Most people don’t think of bridges as being portable or modular, but Karl Barth isn’t most people.
Barth, Samples, Professor of Civil and Environmental Engineering at West Virginia University, has spent most of his career working to improve bridge infrastructure and develop design innovations. His newest innovation, which was test-poured this week in his lab, features an innovative concrete joint that can be filled with ultra-high-performance concrete.
“Imagine a full bridge having four girders and three joints in between the modular units,” said Barth. “A joint similar to what we are researching in our lab would be poured between the girders. These joints are each being cast as individual modular girder units. In practice, these would then be shipped to a bridge site and erected individually.”
Barth came up with the unique design in consultation with the American Iron and Steel Institute and Lafarge Ductal, a Canadian company that produces the ultra-high-performance concrete.
“The design came about through a technical working group within the AISI Short Span Steel Bridge Alliance,” Barth said. “We tested the individual girder units and found that they were very robust. The UHPC joint has been used effectively in other modular systems so we worked with the Federal Highway Administration to utilize a joint similar to what they have researched and implemented it with our girder.”
While the successful test pour occurred recently in Morgantown, the actual implementation of the joint won’t happen until mid-2016. When it does occur, however, it will happen in West Virginia first in conjunction with the state’s Department of Highways.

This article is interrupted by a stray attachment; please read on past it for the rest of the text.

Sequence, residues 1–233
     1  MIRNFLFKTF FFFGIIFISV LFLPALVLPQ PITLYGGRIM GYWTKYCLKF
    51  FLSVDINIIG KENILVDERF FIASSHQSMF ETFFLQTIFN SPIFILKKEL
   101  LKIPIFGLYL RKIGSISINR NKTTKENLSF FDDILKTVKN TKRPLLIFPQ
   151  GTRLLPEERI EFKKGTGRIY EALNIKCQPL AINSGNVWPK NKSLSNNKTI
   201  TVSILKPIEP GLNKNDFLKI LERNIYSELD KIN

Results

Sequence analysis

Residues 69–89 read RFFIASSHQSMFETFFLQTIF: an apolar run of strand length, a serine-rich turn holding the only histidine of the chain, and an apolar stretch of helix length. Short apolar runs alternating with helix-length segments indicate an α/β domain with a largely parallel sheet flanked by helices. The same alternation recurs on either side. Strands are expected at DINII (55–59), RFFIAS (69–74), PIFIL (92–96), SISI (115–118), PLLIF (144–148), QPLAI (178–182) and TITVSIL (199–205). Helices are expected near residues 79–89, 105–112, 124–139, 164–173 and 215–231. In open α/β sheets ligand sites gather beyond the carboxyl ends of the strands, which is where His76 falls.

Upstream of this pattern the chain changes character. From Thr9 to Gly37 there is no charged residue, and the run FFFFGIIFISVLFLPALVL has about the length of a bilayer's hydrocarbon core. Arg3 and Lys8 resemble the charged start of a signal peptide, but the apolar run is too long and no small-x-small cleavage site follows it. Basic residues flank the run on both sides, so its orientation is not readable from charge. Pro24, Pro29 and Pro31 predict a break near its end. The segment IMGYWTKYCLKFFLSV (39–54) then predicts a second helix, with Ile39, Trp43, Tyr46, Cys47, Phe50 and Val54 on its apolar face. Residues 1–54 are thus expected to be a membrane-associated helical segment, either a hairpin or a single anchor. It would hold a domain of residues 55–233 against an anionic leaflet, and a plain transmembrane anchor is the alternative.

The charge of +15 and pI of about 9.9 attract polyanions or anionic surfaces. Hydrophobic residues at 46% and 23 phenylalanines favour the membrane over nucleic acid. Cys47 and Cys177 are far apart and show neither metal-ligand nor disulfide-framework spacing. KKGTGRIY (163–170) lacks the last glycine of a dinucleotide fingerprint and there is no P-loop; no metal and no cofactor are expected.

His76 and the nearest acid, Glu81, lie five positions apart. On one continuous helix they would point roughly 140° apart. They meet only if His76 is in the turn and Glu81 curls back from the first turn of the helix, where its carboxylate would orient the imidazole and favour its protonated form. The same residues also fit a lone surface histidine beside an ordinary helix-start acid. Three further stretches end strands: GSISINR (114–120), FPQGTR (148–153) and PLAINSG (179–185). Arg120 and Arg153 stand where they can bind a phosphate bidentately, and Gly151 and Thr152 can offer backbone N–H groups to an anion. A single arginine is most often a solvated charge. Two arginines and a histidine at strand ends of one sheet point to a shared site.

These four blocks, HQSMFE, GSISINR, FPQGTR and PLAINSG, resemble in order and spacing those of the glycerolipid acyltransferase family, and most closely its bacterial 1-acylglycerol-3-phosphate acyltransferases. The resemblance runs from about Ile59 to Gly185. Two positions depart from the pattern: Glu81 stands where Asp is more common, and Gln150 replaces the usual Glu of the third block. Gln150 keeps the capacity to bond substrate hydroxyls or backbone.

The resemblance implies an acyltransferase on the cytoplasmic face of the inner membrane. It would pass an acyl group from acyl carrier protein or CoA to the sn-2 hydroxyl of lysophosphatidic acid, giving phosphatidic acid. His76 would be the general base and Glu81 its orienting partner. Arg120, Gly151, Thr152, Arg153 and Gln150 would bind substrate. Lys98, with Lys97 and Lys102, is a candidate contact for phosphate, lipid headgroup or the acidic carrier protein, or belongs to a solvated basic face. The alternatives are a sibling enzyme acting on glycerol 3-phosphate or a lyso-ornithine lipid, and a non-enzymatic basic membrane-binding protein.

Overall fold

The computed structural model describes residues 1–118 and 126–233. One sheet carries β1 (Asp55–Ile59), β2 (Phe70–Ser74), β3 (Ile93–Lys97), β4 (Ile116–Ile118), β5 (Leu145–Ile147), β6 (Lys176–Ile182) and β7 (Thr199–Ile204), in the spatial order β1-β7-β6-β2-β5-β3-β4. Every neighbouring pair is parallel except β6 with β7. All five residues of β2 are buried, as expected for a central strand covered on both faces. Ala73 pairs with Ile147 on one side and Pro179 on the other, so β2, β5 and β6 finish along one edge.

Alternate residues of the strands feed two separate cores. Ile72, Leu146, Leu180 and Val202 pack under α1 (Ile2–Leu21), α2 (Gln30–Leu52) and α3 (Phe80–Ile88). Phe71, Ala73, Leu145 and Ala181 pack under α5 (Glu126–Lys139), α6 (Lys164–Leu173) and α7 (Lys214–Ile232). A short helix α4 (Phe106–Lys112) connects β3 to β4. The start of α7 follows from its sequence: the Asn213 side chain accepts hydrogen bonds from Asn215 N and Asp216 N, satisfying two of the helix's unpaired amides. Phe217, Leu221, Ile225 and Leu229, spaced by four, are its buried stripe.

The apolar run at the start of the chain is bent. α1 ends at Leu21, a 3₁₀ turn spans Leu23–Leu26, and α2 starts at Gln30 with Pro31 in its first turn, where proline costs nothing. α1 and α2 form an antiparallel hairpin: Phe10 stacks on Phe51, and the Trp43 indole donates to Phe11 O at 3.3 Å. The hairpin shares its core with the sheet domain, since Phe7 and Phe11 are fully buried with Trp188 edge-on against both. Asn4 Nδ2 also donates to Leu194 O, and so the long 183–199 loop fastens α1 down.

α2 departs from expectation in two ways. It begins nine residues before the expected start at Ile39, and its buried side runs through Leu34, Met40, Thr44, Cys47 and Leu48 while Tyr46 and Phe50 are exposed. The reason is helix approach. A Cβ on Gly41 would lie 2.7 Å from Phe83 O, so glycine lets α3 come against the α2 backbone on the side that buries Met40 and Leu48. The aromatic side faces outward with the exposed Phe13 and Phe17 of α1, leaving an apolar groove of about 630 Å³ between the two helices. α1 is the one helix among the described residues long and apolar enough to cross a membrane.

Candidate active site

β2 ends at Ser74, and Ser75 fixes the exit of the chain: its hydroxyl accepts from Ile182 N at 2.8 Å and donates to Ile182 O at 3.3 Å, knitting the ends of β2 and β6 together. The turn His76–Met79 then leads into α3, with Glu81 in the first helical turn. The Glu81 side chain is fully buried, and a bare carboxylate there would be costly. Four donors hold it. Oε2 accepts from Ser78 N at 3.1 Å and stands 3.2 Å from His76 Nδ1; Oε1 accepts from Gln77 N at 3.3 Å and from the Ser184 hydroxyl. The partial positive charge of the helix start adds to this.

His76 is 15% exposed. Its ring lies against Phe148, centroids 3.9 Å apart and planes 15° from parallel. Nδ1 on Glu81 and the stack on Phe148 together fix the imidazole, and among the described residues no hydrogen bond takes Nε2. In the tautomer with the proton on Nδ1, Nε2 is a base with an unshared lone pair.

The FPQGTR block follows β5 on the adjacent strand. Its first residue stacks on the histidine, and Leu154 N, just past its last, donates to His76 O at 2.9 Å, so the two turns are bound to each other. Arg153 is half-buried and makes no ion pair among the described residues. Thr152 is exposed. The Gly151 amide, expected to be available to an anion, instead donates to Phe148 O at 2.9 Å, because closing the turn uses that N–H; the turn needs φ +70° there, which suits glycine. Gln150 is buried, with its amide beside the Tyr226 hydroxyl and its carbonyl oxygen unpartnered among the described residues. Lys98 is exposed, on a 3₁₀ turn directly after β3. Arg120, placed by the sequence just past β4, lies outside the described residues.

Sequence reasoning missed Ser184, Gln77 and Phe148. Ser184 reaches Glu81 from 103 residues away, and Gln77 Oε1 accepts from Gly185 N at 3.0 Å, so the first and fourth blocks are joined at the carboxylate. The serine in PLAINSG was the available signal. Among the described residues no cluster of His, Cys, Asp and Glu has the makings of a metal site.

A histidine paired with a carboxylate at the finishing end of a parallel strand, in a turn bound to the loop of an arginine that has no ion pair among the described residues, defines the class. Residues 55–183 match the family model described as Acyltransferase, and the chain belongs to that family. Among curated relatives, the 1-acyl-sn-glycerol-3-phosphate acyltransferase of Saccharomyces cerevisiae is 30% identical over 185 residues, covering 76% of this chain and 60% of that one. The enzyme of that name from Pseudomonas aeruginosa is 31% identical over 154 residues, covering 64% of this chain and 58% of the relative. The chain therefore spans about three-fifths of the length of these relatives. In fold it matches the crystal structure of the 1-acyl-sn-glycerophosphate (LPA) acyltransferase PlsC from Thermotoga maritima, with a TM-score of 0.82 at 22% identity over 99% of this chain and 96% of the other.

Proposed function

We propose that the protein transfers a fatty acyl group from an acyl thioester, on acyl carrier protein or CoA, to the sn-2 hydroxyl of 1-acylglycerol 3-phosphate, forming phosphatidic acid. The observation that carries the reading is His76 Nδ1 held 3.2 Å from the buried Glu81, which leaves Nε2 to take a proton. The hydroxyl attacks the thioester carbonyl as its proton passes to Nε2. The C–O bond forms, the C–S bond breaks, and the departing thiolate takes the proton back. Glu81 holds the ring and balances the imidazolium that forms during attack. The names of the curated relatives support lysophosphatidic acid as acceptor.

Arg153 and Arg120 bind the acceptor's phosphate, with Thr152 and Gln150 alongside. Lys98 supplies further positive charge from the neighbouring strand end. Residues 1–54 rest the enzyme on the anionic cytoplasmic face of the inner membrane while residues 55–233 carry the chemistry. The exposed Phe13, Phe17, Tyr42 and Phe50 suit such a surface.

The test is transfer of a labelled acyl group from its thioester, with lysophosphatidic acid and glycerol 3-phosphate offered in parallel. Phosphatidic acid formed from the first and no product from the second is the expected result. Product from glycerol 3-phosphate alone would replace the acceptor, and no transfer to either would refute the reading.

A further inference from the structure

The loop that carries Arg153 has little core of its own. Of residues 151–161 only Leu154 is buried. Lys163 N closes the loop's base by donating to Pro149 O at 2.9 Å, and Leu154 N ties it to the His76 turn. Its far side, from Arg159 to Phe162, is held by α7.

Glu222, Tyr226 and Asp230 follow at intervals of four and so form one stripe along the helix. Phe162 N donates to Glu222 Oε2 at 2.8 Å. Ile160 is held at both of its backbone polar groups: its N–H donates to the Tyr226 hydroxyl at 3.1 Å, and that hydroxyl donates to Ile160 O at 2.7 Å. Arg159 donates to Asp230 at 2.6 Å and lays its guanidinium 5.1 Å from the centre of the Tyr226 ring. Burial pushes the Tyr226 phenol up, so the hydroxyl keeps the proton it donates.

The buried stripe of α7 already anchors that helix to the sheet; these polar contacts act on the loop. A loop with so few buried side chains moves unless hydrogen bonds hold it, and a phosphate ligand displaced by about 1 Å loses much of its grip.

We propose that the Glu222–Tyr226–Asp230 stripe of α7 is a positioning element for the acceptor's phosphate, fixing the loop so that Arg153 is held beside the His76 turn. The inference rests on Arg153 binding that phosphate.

“We will construct four bridges – two near WVU and two near Huntington – featuring this and other innovative technologies,” said Barth, who noted that WVDOH is supporting the development of the technology with more than $300,000 in funding.
Modular or prefabricated bridges are not a unique concept to Barth, who serves as technical director for the Short Span Steel Bridge Alliance’s Bridge Technology Center. In conjunction with the Federal Highway Administration, the SSSBA has focused on prefabricated bridge elements and systems – or PBES – which allows pieces to be fabricated off-site in a controlled environment, which usually yields a better product than if they are pieced together in the field.
Barth, who estimates that more than 1,000 bridges in West Virginia could be a fit for this technology, noted that no one has fully researched the behavior of these prefabricated bridge elements and systems.
“From an academic perspective, there is a whole world of things to explore in structural behavior,” Barth explained. “The fact that we are developing and implementing this technology in West Virginia puts us at the forefront of new technology.”
CONTACT: Mary Dillon, Statler College of Engineering and Mineral Resources
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